Did you know that your cargo is only insured for $500 per shipping unit (often defined as a container) per COGSA law? Ocean carriers aren’t liable to pay for you cargo even if they are responsible for the breakage. The unfortunate thing is that most shippers are operating under the false assumption that their cargo is insured. However, even in the case of having your cargo covered, there is one major instance in which you may not be eligible for a cargo claim: Inherent Vice.
What Constitutes Inherent Vice?
If your goods are damaged due to inherent vice, chances are you’ll be “ship out of luck” (thank you, we really tried with that one). Unfortunately, a lot of shippers are not prepared to deal with the claims processes associated with inherent vice. For those of you who don’t know what inherent vice is, here is a simple definition.
Inherent vice is generally referred to as any damage caused to cargo due to the inherent nature of the product as opposed to any damages inflicted on the goods by the carrier themselves. In other words, it’s damage done by internal causes rather than external ones. A coupe simple examples of inherent vice would be deterioration due to product instability, rust forming due to metal materials/ moisture, combustion (batteries or other substances), and a slew of other possibilities. It’s simply just any damage which occurs naturally as a result of the nature of a product.
Why You Aren’t Eligible for a Claim: Inherent Vice
As stated before, the most unfortunate part about inherent vice is… well, you may not be eligible to make a cargo claim. Depending on the insurance policy you have, it’s likely that you agreed to having your cargo covered with the exception of damages caused by inherent vice. In summary, here are a few reasons you may not be eligible for a claim:
Most insurance providers clearly outline in their contracts that damages due to inherent vice will not be covered by the policy. Before you sign onto an insurance policy, carefully read the fine print. If you are frequently shipping products that are prone to internal damage due to the nature of the product (rather than by external causes), you may want to look for a more suiting policy.
Lack of Causation
The other huge issue here is that there is a complete lack of causation between the product’s malfunction or damage and any one particular carrier. Since a product damaged by inherent vice is, generally speaking, due to the nature of the product by no exterior causes, it’s not directly linkable to any one carrier’s involvement.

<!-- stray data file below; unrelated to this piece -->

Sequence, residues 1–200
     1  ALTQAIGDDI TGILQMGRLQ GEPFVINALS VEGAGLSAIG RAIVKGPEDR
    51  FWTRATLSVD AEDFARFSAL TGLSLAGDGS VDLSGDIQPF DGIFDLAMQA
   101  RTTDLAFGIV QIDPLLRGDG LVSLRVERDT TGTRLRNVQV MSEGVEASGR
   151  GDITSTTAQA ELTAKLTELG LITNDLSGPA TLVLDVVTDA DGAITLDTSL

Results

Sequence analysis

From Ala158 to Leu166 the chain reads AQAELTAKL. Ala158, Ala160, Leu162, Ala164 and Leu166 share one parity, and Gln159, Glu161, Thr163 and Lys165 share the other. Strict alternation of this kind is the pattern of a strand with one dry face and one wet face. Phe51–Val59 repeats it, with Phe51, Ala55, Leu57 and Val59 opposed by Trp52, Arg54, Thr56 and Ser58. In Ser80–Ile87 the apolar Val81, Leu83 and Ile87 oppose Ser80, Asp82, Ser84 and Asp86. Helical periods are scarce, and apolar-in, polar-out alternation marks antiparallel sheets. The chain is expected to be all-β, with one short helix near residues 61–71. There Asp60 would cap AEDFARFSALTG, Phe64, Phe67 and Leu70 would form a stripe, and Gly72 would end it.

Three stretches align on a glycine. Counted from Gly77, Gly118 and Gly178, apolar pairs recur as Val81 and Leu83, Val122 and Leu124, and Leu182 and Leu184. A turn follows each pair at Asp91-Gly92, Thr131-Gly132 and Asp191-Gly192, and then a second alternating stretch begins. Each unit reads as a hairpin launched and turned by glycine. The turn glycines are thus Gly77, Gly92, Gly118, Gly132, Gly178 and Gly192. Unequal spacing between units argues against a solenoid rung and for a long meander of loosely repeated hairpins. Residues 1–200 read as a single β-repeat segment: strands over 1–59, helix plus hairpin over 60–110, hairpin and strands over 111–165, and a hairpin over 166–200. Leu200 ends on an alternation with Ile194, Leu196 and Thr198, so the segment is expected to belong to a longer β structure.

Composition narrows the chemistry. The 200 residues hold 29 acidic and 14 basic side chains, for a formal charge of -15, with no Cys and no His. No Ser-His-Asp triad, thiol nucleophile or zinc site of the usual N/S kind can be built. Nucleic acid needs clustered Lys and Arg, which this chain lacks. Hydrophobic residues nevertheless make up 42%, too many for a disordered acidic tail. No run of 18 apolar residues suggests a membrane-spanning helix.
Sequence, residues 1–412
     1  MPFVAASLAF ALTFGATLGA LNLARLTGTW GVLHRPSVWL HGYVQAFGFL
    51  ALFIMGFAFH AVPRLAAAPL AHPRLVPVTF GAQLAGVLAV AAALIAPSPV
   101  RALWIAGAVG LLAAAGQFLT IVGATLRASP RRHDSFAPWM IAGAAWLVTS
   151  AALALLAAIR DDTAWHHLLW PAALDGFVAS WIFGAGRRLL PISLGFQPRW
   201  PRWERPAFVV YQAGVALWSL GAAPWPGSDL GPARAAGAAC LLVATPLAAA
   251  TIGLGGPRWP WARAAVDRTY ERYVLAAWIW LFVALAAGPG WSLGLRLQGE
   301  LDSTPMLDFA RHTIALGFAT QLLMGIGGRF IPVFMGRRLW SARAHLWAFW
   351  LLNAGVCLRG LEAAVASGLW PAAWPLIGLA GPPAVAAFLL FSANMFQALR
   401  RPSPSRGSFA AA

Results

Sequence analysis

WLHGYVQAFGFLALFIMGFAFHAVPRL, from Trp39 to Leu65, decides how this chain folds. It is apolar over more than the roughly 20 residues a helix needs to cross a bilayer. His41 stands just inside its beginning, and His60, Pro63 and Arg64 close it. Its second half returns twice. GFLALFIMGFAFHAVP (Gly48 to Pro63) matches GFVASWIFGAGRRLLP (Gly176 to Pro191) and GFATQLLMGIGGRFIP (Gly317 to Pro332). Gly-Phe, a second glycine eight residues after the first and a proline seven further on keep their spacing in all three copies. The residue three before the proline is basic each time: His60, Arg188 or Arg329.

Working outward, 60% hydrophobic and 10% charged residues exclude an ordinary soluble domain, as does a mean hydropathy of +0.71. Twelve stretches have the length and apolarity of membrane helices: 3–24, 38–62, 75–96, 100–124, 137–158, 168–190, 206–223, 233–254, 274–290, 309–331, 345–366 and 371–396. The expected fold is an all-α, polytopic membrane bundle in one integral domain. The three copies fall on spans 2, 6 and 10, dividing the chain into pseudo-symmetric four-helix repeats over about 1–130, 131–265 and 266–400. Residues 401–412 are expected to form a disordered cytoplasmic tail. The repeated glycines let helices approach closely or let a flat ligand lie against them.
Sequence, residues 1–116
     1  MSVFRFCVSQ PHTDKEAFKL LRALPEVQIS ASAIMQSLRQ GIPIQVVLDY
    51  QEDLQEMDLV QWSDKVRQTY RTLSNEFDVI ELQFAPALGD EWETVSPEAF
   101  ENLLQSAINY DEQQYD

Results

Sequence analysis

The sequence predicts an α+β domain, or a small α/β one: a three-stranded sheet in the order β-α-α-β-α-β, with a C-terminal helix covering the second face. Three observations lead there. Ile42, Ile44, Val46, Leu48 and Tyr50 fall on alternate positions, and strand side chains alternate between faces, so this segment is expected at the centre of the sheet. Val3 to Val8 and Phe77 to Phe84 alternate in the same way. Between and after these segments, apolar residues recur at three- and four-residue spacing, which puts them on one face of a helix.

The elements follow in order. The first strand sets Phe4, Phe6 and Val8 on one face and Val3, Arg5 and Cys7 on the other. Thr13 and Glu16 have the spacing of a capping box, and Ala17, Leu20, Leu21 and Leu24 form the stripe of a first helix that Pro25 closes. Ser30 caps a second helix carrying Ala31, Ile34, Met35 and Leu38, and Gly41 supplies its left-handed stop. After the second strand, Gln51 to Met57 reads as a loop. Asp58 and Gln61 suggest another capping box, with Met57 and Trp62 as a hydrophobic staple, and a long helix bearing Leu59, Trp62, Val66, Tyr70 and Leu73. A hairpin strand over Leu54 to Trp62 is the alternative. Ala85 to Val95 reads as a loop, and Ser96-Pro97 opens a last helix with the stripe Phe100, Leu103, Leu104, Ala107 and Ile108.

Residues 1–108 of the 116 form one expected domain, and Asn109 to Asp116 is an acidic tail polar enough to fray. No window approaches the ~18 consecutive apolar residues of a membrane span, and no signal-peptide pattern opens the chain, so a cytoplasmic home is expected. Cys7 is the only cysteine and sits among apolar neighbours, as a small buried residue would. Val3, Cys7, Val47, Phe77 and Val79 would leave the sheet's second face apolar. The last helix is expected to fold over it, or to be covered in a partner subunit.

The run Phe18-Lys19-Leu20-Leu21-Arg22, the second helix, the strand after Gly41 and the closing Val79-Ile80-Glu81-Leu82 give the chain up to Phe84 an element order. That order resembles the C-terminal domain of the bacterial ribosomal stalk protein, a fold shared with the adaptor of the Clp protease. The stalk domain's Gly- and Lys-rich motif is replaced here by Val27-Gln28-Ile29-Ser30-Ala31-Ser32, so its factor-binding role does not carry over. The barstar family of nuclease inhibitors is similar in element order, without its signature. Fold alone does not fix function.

There are a few exceptions that can be made to this. For example, iron is prone to rust, so iron products showing up rusted may be listed as damaged due to inherent vice. However, if an ocean carrier ended up getting water in the container, it could be their liability to deal with the product. As mentioned before, this is why it’s incredibly important to have cargo insurance. Without it, the ocean carrier would only be liable to pay up to $500 in compensation for damaged cargo.
Inherent vice is, simply put, any damage caused to goods while in transit due to the nature of the product. Food spoiling, iron rusting from moisture in the air, and a product deteriorating due to materials and construction would be a few of many examples of inherent vice. Most insurance policies cover cargo in all cases except inherent vice, leaving victims without a means for compensation. If your cargo gets damaged by means of inherent vice, make sure you validate it. If iron rusts or food goes bad, was it due to the nature of the product, or did a carrier fail to properly handle the cargo (i.e., getting water in the container, forgetting to put it in a refrigerated container, etc.) Take time to carefully review your cargo insurance policy and fine print to understand precisely what is and isn’t covered regarding damaged caused by inherent vice.